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Since the popularity of computers began the meteoric rise, there have been questions associated with computer screens and eye strain. Some say the evidence is clear that they can damage a person's eyesight. After all, if they cause eye strain and discomfort, that is the body's way of saying something. However, the extent to which computer screens damage eyesight is somewhat unclear.
There is a great deal that is known. First, eye strain from prolonged computer use is a fact, though some people are more susceptible to it than others. Second, it can usually be prevented or relieved in a few easy steps. Third, technology, which is partially responsible for the problem, can also offer a partial solution.
There are plenty of symptoms that often show up as a result of eye strain from computer screens. It may first start with a little soreness. Then, it may progress to dry eyes, blurred vision and even headaches. Taking a ten to 15 minute break every hour is a good way to help avoid this and rest your eyes, though some employers may not be as generous with their break periods. If possible, break up computer tasks and non-computer tasks throughout the day as much as possible.
One of the major improvements in computer screens has also helped. LCD screens tend to cause a lot less eye strain than the traditional CRT computer screens. Still, even an LCD screen, if it is not properly calibrated or if it is too bright, can be just as hard on the eyes. This is very important as many people tend to keep their LCD screens too bright, simply because they are not viewing them from a proper angle and may be trying to compensate for the "screen door" effect.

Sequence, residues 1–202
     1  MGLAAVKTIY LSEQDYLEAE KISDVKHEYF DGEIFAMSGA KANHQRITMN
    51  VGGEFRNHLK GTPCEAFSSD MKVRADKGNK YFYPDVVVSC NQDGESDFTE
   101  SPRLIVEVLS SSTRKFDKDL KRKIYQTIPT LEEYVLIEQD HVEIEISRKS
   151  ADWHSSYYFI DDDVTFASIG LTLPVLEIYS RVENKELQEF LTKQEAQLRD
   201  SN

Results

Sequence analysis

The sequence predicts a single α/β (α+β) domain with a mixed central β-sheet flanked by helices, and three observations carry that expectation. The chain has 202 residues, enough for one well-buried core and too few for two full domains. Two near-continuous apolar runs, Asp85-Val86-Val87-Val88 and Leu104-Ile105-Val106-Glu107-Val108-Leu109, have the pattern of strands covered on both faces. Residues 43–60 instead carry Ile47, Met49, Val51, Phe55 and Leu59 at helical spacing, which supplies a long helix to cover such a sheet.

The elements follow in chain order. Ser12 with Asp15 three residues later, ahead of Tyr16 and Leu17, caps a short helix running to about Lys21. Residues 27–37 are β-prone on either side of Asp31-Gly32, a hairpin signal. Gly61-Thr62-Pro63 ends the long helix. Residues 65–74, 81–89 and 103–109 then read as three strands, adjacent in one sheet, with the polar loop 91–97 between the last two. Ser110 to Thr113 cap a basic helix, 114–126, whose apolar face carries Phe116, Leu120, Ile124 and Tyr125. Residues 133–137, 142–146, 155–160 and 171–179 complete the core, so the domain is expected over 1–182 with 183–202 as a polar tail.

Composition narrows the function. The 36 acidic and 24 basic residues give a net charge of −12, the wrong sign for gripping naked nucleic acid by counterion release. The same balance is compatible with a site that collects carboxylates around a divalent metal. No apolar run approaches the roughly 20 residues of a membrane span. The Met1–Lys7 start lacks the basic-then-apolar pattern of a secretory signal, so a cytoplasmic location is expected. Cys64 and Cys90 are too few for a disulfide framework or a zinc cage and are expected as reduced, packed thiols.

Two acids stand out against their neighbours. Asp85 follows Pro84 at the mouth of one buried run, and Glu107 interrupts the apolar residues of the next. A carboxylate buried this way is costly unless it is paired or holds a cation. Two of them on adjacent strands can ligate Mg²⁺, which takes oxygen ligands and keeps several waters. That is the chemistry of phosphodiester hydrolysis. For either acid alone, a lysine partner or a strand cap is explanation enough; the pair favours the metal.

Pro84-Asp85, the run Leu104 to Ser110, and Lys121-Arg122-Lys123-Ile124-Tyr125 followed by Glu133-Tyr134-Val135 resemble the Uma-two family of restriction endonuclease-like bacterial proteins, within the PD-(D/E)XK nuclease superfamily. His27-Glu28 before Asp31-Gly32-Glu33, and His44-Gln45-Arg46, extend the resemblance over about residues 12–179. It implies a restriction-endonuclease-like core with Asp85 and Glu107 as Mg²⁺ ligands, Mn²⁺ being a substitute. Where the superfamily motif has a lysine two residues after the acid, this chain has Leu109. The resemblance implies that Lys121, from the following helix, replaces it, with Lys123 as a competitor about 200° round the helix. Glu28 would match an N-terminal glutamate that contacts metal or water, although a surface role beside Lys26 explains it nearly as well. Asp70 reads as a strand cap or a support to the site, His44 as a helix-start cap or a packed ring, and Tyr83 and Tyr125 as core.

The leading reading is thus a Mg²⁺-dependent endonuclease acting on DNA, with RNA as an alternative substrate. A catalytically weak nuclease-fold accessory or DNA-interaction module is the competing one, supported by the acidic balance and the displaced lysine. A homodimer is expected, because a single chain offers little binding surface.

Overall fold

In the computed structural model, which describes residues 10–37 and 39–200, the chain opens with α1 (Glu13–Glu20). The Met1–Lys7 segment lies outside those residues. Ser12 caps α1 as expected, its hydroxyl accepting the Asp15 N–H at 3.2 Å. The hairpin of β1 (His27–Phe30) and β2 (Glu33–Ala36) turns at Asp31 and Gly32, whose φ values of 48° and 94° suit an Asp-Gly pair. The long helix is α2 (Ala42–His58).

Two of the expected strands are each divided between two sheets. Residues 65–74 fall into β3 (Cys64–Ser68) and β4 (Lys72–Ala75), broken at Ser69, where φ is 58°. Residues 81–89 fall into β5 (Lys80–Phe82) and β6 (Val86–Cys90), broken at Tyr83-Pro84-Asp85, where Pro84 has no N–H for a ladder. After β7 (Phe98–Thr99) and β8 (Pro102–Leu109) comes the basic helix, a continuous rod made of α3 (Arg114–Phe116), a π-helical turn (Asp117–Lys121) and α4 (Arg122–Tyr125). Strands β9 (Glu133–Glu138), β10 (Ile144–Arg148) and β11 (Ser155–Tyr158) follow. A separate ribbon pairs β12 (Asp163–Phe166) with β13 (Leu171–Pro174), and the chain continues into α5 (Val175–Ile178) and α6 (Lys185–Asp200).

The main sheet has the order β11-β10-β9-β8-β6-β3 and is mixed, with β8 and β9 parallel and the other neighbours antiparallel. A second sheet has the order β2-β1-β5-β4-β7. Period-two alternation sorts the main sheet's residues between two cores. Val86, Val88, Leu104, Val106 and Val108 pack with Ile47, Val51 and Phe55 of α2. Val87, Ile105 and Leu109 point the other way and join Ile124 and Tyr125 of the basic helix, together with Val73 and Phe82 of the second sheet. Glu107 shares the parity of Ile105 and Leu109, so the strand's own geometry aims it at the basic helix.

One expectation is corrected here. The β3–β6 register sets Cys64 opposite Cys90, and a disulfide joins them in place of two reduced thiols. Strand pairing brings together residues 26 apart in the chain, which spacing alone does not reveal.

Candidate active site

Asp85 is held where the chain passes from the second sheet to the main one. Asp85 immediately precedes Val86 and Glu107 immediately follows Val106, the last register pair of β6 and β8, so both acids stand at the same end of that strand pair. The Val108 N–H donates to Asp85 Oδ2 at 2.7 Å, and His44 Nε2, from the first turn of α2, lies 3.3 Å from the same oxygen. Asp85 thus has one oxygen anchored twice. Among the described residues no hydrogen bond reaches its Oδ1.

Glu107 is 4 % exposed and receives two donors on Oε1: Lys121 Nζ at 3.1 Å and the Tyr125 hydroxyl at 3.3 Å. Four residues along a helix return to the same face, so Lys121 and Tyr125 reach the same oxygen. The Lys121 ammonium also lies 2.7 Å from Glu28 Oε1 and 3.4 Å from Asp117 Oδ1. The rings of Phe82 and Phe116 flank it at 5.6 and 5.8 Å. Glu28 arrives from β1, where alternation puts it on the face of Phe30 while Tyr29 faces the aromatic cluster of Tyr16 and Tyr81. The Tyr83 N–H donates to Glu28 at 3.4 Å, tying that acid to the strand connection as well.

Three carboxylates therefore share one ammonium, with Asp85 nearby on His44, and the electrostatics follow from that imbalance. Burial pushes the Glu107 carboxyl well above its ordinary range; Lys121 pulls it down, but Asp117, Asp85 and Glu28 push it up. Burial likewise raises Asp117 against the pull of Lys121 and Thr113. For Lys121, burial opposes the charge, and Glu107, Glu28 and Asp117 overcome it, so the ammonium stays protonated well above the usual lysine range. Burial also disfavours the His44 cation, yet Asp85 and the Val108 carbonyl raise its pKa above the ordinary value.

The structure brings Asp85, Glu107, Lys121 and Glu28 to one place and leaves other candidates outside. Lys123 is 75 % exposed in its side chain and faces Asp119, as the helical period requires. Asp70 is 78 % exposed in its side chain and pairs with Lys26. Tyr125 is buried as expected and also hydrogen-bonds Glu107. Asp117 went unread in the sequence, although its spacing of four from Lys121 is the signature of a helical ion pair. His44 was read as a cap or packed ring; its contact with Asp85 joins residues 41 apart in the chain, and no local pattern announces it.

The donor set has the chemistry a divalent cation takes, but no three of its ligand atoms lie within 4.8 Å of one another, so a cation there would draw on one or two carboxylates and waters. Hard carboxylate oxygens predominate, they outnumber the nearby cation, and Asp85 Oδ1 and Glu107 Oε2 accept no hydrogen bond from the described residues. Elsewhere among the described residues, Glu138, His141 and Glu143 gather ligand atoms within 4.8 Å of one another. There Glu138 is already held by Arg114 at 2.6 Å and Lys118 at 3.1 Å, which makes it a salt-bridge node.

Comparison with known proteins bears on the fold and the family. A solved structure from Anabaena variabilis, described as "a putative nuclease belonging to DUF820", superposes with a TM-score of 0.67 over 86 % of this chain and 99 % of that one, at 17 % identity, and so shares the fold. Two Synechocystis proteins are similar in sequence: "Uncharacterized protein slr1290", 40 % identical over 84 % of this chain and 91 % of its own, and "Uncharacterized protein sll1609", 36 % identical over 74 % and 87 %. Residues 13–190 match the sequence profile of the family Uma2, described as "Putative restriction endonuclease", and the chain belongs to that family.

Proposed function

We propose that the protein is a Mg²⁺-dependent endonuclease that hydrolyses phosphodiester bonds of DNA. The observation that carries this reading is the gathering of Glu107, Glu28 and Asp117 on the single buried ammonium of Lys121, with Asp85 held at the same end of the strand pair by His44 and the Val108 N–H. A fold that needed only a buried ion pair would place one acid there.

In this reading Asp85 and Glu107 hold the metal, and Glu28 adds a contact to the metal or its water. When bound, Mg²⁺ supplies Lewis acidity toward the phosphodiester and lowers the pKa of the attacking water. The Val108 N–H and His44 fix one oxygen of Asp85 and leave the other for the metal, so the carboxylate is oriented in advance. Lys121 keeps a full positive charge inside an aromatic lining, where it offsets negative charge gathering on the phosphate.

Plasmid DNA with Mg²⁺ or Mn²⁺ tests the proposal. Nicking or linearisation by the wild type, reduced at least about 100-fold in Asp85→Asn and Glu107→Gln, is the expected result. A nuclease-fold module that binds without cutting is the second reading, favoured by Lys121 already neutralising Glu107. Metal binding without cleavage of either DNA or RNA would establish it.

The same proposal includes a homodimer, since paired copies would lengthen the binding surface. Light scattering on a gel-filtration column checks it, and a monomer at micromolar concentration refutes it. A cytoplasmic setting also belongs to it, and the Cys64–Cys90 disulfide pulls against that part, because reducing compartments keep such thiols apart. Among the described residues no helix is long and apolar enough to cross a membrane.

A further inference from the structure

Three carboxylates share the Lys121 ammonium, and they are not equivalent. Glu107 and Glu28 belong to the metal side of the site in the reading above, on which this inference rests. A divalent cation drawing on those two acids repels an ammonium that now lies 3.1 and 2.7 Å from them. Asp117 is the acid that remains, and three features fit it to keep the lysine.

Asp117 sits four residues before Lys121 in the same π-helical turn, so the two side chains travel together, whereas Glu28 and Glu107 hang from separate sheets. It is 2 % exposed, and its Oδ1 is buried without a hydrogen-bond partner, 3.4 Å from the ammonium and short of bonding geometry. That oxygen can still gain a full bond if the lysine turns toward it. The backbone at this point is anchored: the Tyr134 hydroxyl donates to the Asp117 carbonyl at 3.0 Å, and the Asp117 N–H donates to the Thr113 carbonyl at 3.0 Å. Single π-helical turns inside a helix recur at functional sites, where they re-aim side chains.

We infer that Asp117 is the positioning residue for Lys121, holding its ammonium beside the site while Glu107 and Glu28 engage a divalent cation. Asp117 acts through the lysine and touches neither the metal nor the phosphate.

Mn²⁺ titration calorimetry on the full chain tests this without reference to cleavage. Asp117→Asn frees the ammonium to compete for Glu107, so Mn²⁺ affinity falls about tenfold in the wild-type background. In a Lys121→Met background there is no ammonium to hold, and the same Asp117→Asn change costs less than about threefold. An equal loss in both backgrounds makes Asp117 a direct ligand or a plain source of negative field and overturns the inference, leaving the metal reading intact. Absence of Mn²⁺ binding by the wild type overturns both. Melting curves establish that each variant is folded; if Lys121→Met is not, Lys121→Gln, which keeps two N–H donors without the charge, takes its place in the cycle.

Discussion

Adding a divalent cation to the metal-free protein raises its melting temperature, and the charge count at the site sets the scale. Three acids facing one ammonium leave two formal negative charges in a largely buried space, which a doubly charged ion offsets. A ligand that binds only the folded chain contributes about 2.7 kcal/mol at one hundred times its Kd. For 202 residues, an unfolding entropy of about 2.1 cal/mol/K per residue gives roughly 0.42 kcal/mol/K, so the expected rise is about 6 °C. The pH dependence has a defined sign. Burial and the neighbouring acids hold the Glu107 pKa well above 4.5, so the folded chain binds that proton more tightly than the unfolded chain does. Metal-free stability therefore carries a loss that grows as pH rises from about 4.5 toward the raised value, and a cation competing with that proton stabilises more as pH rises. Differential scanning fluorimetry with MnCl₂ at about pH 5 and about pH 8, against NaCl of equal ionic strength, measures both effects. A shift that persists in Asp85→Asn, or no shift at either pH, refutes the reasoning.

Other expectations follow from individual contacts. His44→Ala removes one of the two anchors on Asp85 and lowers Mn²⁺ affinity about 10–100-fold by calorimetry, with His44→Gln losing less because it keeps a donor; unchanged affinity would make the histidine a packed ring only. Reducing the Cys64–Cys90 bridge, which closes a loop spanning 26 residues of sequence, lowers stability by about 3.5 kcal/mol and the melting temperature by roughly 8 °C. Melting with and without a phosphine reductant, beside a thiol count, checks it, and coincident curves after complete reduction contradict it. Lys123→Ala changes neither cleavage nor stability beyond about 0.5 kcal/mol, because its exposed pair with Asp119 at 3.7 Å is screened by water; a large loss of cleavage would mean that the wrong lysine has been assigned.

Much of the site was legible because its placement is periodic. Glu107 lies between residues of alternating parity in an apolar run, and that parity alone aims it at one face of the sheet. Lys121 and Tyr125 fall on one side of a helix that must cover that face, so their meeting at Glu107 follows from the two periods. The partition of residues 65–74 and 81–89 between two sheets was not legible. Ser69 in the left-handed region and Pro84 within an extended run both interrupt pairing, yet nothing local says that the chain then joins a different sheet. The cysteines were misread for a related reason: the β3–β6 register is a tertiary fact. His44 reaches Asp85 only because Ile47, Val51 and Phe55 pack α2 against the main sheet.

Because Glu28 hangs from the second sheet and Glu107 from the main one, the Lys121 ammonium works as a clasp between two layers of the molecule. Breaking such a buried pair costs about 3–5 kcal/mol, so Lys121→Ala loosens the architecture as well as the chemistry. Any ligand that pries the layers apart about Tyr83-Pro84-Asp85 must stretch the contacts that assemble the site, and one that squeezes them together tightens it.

Fortunately, most of the eye damage, if it is to be called that, resulting from the use of computer screens tends to be a short-term situation. Once the eyes are rested, the symptoms tend to quickly go away. However, if the eyes are not sufficiently rested, the symptoms may return quicker than they appeared at first once computer activity resumes.
While these short-term effects are well documented, the main question on people's minds is if computer screens are able to cause permanent damage over time. The data is not sufficient on this question one way or the other. While many who work in office environments and have worked with computers all their lives have developed eye problems, many others have not. Perhaps in the future, the research will be completed that can fully answer this question.

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